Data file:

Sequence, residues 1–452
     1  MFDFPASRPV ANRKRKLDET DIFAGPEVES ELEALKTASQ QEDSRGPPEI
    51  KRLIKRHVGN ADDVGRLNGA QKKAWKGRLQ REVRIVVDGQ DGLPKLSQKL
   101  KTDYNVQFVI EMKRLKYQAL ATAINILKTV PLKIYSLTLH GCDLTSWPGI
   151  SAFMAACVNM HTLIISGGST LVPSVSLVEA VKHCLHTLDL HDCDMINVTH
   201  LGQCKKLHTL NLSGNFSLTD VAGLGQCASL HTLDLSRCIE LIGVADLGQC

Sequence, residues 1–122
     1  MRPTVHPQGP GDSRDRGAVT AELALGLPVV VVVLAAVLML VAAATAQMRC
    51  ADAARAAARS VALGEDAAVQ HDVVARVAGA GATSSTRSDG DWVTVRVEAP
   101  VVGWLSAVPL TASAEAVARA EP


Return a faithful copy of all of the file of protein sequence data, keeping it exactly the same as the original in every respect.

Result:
Sequence, residues 1–452
     1  MFDFPASRPV ANRKRKLDET DIFAGPEVES ELEALKTASQ QEDSRGPPEI
    51  KRLIKRHVGN ADDVGRLNGA QKKAWKGRLQ REVRIVVDGQ DGLPKLSQKL
   101  KTDYNVQFVI EMKRLKYQAL ATAINILKTV PLKIYSLTLH GCDLTSWPGI
   151  SAFMAACVNM HTLIISGGST LVPSVSLVEA VKHCLHTLDL HDCDMINVTH
   201  LGQCKKLHTL NLSGNFSLTD VAGLGQCASL HTLDLSRCIE LIGVADLGQC

Sequence, residues 1–122
     1  MRPTVHPQGP GDSRDRGAVT AELALGLPVV VVVLAAVLML VAAATAQMRC
    51  ADAARAAARS VALGEDAAVQ HDVVARVAGA GATSSTRSDG DWVTVRVEAP
   101  VVGWLSAVPL TASAEAVARA EP